Words of financial wisdom

2008-12-18 00:00

Every year thousands of investors from around the world make their way to Omaha, Nebraska to attend the general meeting of Warren Buffett’s investment company, Berkshire Hathaway (BRK). They come to listen to the words of wisdom of a man who has beaten the stock market for most of the past 50 years and become one of the world’s wealthiest — and most widely admired — businessmen.

If Buffett did not exist, no fiction writer could invent him. Once a nerdy, tight-fisted number-cruncher with few close friends, he has transformed himself into an urbane, avuncular figure, re-nowned for his wealth, sagacity and lack of ego. He is also among the world’s most generous philanthropists, having given away a staggering $37 billion in BRK stock to the Bill and Melissa Gates Foundation.

Buffett’s is not the archetypal American rags-to-riches story. The son of a far right wing Republican congressman (and member of the John Birch Society) and a shrewish mother who made his early life a misery, the young Buffett grew up in Omaha, Nebraska, but went to high school in Washington DC before going to the Wharton and Columbia business schools. As a young child, he was fascinated by numbers — and obsessed with making money.

At the age of six, he began selling chewing gum, a year later he asked Father Christmas for a book on bonds, and at the age of 10 he was taken to the New York Stock Exchange for his birthday treat. An early source of inspiration was the book, One Thousand Ways to Make 1 000 Dollars, which taught him the power of compounding and led him to predict (correctly) that he would be a millionaire by the age of 35.

As Alice Schroeder, herself a financial analyst, points out in this sprawling, overlong, but fascinating biography which Buffett encouraged and helped her to write, the future sage of Omaha was fortunate in having some exceptional mentors. He learnt his investment technique at the feet of Columbia’s legendary Ben Graham, author of The Intelligent Investor, still regarded as a classic of its kind. It was Graham who taught him that shares often traded at odds with their intrinsic value for long periods of time. But because analysts could be right and still appear wrong in the eyes of the market, it was wise to build in a “margin of safety” to ensure that good decisions are not wiped out by errors. Graham also warned him against the danger of using debt.

Another significant influence was his lively and outgoing wife Susan, who understood that for all her young husband’s confident talk about stocks, he was a fragile, immature person often on the verge of breakdown. While he made the money, she took care of his every need, and almost single-handedly brought up their three children.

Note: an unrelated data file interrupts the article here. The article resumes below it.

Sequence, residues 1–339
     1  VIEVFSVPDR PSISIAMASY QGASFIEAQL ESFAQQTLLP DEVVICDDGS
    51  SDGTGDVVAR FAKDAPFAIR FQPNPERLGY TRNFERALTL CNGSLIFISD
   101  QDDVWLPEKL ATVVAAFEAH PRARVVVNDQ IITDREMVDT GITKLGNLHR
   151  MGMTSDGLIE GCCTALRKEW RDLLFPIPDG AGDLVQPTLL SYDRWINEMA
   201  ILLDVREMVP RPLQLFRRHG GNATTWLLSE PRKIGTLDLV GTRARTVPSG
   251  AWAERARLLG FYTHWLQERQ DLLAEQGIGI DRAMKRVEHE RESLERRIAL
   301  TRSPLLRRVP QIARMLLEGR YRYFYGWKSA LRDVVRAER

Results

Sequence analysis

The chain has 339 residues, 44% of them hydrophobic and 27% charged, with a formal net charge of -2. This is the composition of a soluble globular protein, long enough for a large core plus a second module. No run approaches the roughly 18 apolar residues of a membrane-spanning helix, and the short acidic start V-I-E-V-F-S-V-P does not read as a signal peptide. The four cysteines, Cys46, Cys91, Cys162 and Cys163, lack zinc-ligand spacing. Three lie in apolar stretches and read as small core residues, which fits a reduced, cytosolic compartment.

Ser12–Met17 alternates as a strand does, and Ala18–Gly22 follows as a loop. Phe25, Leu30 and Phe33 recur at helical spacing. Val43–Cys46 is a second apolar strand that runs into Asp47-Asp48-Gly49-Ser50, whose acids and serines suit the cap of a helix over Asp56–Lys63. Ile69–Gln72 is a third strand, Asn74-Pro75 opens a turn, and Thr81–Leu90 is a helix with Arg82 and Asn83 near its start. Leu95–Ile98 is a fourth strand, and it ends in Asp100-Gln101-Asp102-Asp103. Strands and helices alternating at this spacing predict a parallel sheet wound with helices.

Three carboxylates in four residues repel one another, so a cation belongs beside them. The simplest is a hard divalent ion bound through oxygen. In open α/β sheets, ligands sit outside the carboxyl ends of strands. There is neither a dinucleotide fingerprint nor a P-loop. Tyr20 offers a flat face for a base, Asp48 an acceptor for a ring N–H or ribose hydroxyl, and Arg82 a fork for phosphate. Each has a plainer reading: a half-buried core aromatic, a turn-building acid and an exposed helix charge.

“His relentless obsession with money and his obliviousness to his family were a running joke among his friends,” says Schroeder. It is little wonder that in later life Susie left Buffett in the care of a mutual friend (whom he eventually married) and went off to live on her own in San Francisco.

An unlikely but important connection was Katherine Graham, the patrician publisher of the Washington Post, who was intrigued by Buffett’s “corn-fed, Midwestern” appearance, behind which she detected a sharp sense of humour and a keen brain. The two became lifelong friends. He seized the opportunity to tutor the then insecure CEO of the newspaper company about business. She in turn brought him on to her company’s board and introduced him to her powerful friends.

Another key figure has been his like-minded and long-time business partner, Charles T. Munger, who shares his old-fashioned approach to corporate governance and business ethics. Buffett’s method of investing seldom varies: estimate the intrinsic value of a stock, assess its risk, buy using a margin of safety, concentrate, stay in your circle of competence and let compounding do the rest.

It was his refusal to go beyond his circle of competence that led Buffett to shun technology stocks during the IT boom, to the fury of some analysts and shareholders, and to deride financial derivatives as being “toxic” and potential “weapons of mass destruction” — two assessments that caused him much discomfort at the time, but which have subsequently enhanced his reputation for prescience.

All those lucky enough to have been among Buffett’s early partners or subsequent investors have made themselves extremely rich. By the mid eighties, BRK’s share price had risen by more than 23% per annum for 23 years. At the end of 2007, before the market slide, the stock was trading at $140 000 per share and Buffett’s personal fortune was more than $60 billion. As the author observes, “‘the snowball he has created so carefully was enormous by now”.

Yet Buffett remains outwardly unaffected by his great wealth. Now approaching 80, he lives in the same house, dresses the same way and works in the same office that he has for most of his life. He also indulges in a lifelong desire to teach — not only about investment but about the lessons he has learnt from the business of life. As he once told a group of students when his wife was recovering from cancer surgery: “The purpose of life is to be loved by as many people as possible among those you want to have loved you.” Money-conscious though he is, he has learnt the eternal truth that there are some things in life that money cannot buy.

• Richard Steyn, a former editor of The Witness, is a director of a Johannesburg-based publishing company.

• The Snowball: Warren Buffett and the Business of Life by Alice Schroeder, is published by Bloomsbury.

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